All the above 50 patients underwent FNAC. Among A Group of patients (30 in nos.), 27 had atypical mycobacterial infections and 3 patients had nonmycobacterial infections. Among B Group of patients (8 in nos.), 6 showed metastatic deposits (Adeno-carcinoma), 1 patient had atypical mycobacterial and another 1 had non-mycobacterial infections. Amoung C Group of patients (8 in nos.), 6 patients showed non-mycobacrial infective pathology and 2 patients showed atypical mycobacterial infections. Among D Group of patients, only fatty tissue found in FNAC.

It was revealed in our study that 80% of epigastric port nodules are of infective pathology and atypical mycobacterials infections accounts for 60% of port nodule pathology at epigastric port. Metastatic nodules account for 12% and that of hernia 8% in our study.

Statistical parameter of atypical mycobacteria in epigastric port nodule
Sensitivity  Specificity   PPV   NPV

90%           84.2%         99%    84.21%.

Thus the atypical mycobacteria in our study outnumbered the other causes of epigastric port nodule in this part of West Bengal. P value of the study is found to be <0.05.


Laparoscopic cholecystectomy is a relative safe procedure. Postoperative port related complications and morbidities rather rarer. Port site complications can be due to access related and postoperative complications and have been reported in all age groups and in both sexes. Previous studies showed that obesity is related to increased morbidity in laparoscopic procedures because of thick subcutaneous layer, which need long trocar, larger incision and restricted movements of instruments. Fulter et al. (4) showed that port related complications are more in postcholecystectomy, as these procedures outnumbered the other laparoscopic surgeries. Port related complications in laparoscopic cholecystectomy, apart from obesity, related to gross spillage of infected bile, umbilical stitch sinuses (Wasim Memon et al.). (5) Port site complications increases with increased nos. of ports. (6)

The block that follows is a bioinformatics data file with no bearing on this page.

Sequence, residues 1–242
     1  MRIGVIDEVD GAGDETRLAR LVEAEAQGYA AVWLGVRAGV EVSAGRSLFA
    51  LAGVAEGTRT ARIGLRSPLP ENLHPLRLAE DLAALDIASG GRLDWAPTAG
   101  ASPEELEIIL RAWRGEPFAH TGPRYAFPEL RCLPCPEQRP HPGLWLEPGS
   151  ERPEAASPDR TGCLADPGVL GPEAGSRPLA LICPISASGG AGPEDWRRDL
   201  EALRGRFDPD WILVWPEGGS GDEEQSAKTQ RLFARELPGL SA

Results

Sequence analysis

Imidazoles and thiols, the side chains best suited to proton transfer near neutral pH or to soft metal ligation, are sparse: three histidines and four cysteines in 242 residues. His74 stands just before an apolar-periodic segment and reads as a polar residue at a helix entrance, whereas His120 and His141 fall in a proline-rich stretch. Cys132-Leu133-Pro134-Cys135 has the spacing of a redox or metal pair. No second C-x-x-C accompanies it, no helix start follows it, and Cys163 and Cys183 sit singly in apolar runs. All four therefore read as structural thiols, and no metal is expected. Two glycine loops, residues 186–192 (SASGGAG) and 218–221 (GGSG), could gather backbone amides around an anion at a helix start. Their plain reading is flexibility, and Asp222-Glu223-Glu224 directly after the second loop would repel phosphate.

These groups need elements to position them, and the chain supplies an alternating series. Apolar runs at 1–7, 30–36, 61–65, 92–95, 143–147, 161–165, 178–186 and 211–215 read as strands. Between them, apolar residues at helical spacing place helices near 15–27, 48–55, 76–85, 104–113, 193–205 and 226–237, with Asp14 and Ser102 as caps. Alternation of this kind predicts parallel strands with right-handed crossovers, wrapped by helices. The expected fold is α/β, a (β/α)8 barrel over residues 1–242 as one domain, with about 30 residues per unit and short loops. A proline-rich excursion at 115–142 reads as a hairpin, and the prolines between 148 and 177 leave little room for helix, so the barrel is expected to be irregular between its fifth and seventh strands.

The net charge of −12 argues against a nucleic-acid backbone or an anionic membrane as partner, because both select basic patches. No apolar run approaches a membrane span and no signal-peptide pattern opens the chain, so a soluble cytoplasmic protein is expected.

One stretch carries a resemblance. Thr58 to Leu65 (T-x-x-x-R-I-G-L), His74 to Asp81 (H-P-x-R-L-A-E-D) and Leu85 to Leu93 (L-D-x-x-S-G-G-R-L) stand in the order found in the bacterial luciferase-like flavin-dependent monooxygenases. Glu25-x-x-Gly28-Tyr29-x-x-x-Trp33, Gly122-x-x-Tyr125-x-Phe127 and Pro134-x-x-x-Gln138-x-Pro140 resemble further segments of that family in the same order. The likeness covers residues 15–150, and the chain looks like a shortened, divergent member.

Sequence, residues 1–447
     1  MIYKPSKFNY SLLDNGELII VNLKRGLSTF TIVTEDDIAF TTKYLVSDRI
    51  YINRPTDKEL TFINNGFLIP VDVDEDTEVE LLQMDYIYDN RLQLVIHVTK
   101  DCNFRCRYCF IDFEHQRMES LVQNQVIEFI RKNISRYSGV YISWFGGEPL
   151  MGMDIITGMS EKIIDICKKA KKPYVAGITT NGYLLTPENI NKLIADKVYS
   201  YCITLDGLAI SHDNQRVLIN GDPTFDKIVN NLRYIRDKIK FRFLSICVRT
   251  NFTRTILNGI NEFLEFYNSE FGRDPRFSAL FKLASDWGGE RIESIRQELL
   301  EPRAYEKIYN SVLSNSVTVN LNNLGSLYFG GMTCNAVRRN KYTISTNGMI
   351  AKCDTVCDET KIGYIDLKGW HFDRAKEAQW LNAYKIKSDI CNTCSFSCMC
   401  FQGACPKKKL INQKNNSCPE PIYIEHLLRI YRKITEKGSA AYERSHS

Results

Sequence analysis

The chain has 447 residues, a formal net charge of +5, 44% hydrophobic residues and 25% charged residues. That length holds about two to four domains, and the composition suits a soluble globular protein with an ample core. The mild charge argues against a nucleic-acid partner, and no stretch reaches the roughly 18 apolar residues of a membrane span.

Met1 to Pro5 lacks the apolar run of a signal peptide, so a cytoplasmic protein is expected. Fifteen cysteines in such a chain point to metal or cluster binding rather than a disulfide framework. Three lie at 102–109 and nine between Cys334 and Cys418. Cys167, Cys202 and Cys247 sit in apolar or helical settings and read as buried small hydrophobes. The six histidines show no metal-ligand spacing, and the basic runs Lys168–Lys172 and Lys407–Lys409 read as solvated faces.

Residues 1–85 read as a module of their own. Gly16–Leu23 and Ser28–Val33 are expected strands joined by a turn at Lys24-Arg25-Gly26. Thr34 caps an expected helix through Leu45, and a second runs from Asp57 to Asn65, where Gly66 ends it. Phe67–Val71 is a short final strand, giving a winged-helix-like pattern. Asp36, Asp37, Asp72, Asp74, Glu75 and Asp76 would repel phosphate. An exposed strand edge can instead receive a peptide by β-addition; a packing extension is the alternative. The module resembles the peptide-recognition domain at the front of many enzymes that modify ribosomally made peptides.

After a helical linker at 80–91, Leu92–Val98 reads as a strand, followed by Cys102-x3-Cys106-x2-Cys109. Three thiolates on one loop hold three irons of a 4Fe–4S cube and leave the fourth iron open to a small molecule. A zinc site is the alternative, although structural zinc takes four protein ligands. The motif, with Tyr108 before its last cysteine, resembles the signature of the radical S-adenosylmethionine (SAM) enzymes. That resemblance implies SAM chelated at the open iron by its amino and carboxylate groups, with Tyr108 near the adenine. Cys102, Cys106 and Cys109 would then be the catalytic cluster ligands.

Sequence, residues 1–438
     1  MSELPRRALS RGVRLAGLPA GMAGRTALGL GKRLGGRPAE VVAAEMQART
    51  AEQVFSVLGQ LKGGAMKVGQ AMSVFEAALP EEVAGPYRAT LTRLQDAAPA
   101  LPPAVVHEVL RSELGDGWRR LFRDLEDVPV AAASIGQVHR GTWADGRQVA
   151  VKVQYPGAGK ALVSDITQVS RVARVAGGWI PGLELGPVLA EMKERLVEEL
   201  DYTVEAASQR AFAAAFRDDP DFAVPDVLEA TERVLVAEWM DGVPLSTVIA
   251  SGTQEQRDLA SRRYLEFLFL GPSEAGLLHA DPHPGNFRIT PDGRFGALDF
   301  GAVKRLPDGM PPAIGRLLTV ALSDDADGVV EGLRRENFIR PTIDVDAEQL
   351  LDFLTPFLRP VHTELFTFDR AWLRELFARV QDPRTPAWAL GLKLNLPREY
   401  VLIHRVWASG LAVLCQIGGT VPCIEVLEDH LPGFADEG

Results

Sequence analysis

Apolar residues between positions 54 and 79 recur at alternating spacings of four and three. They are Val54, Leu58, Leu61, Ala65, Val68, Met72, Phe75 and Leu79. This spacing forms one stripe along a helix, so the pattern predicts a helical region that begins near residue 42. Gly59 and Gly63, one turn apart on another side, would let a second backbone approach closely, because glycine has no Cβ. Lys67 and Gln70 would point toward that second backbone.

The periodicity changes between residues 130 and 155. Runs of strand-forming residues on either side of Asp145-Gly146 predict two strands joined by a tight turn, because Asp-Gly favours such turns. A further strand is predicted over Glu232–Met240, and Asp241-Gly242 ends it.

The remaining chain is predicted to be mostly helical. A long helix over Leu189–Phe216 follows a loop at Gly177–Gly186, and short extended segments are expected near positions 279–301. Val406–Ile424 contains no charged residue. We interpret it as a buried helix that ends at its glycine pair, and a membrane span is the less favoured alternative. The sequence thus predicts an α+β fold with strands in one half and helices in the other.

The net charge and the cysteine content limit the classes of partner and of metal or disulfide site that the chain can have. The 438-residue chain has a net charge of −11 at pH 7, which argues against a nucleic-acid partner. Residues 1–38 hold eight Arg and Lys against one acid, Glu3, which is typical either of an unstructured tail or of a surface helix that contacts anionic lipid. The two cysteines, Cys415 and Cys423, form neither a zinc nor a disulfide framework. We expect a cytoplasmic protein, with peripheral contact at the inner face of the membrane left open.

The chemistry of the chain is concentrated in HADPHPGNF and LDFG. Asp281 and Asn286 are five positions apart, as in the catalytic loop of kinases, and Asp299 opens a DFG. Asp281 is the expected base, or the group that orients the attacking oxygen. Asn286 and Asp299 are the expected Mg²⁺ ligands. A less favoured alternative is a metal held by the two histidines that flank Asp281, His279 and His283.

Amongst the port sites epigastric port (88.2%) is more affected than umbilical port (11.7%). (7) Epigastric port is the major site of port site complications in laparoscopic cholecystectomy because gallbladder and associated tissues are expelled through this port and therefore vulnerable to complications. (7) Laparoscopic surgeries have reduced incidence of postoperative complications. (8) however, they can produce morbidity significantly at port site. Necrotizing fascial infections is some times the accompaniment of PS complications. (9) In our study, PSI is much more than standard national level (2.85% versus 1.8%). (1) Our study results comparable with many other studies. Den Hod et al. found the incidence to be 5.3%. (10) Colizza et al. <2%. (11) and Shindholimath et al. found 6.3%. (12) All PSI are superficial involving only the skin and subcutaneous tissues. Among the port site infections atypical mycobacterial outnumbers the other infections. In our study, 80% of PSI are atypical mycobacterial infections with sensitivity of 90% and specificity of 84.2% which are comparable to many previous studies. (13,14,15) Most of PSIs in our study are atypical mycobacterial infection, the contamining source was identified as the rinsing water which used for washing clinically disinfected instruments comparable to previous studies. (13,14) so our study points the lack of stringent sterilization procedures.